The new policy delves into the company’s “Smart Interactivity,” or a feature on its TVs that “recognizes onscreen content and may in the future permit you to interact with this content,” the policy stated.
This feature is automatically set to “on” by default but can be disabled, the company stated.
The controversial portion of the policy comes with the data collected and its purposes. The policy stated that the company collects “various categories” of data that can be used to “identify or contact a specific person directly from purchasers and users of our consumer products and services.”
VIZIO also collects anonymous information that on its own does not “permit direct association with any specific individual.” Included in this data is the IP address used to connect to the TVs, a user’s zip code, the online services visited and more specific product information. Information about customer activities on the company’s websites, its products and services and its online store are also collected.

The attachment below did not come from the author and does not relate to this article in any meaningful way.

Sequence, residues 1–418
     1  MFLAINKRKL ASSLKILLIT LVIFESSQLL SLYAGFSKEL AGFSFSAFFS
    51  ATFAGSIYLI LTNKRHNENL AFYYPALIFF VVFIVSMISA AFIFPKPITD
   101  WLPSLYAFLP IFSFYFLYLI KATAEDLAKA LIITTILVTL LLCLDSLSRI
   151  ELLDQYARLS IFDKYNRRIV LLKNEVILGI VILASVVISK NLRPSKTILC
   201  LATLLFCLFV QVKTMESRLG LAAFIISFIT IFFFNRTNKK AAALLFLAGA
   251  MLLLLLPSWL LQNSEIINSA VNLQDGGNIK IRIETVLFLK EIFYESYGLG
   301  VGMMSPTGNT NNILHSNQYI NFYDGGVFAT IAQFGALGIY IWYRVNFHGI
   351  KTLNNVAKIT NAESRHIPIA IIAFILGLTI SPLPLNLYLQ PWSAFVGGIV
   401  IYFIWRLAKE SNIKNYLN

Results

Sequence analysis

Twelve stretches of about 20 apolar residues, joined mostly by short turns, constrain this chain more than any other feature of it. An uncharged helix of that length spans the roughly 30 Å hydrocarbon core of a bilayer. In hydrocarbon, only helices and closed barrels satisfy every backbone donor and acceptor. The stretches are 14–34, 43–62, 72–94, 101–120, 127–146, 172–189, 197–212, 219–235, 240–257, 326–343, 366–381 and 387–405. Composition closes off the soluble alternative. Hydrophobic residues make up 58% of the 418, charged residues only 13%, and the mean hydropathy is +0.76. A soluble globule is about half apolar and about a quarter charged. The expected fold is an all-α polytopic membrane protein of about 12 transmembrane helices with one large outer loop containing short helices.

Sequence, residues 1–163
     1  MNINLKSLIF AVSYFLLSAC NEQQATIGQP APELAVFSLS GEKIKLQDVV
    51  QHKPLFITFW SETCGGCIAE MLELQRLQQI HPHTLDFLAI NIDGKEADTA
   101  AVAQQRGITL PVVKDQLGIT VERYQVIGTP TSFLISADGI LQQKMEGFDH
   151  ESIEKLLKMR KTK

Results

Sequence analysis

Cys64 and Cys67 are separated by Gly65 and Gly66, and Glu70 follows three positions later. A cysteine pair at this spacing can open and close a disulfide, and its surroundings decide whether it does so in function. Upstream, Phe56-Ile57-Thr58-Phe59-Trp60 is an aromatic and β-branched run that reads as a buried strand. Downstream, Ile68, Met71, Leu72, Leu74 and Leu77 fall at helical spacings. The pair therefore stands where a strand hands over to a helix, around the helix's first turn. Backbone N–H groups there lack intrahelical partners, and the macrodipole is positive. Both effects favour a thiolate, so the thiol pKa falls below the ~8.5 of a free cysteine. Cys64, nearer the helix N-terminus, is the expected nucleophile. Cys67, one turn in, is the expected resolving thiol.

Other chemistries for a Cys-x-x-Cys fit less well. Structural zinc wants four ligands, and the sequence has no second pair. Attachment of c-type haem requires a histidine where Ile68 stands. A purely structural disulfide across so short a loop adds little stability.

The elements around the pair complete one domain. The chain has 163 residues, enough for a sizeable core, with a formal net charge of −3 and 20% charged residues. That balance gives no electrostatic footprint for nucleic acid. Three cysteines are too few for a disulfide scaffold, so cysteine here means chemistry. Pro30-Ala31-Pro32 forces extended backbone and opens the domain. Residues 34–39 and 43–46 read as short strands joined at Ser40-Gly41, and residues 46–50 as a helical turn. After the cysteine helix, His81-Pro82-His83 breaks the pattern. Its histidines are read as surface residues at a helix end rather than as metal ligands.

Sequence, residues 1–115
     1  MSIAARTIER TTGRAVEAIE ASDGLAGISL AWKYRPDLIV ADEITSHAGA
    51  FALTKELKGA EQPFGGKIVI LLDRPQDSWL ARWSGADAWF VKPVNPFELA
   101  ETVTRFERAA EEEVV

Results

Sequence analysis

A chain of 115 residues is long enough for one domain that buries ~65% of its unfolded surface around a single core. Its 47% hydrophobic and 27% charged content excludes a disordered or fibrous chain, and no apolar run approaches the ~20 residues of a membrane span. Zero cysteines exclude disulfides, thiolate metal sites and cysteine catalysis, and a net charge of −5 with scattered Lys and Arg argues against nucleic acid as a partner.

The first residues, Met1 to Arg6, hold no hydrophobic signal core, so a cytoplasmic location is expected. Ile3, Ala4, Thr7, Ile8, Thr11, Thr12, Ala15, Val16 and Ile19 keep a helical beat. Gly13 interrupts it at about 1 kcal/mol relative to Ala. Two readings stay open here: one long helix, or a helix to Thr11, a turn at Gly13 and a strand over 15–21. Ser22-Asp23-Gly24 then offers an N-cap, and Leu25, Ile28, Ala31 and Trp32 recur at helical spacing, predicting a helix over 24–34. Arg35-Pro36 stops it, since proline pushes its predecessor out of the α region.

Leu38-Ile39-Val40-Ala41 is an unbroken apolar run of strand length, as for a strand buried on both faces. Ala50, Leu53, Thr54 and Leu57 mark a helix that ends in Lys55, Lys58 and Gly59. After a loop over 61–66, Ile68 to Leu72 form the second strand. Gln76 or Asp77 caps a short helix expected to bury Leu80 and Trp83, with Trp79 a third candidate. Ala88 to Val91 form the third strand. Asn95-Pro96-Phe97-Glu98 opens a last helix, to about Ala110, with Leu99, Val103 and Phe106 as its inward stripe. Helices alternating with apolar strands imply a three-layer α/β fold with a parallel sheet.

This information can be contracted out to third parties, the policy states, and the personal and anonymous data could be combined with additional information. This data combo could be exchanged with advertisers and other partners to “provide you with an optimal user experience and better understand how users access the VIZIO products and services.”
“We use Personal Information to respond to your requests for information, to ship products and deliver services, to provide support, to customize the advertising and content that you see, and to communicate with you about your VIZIO products and services,” it said.
This data is anonymous and is not collected from TVs outside the U.S.
Ultimately, this data combines with a user’s IP address and other non-personal information to help third party advertisers select and deliver ads. The ads might also be used on devices beyond the Smart TV.
Even if the function is turned off, the company noted that a user might continue to see “tailored ads on other devices that were targeted on the basis of Viewing Data that was shared before you turned off collection.”
VIZIO hasn’t responded to a SCMagazine.com request for comment.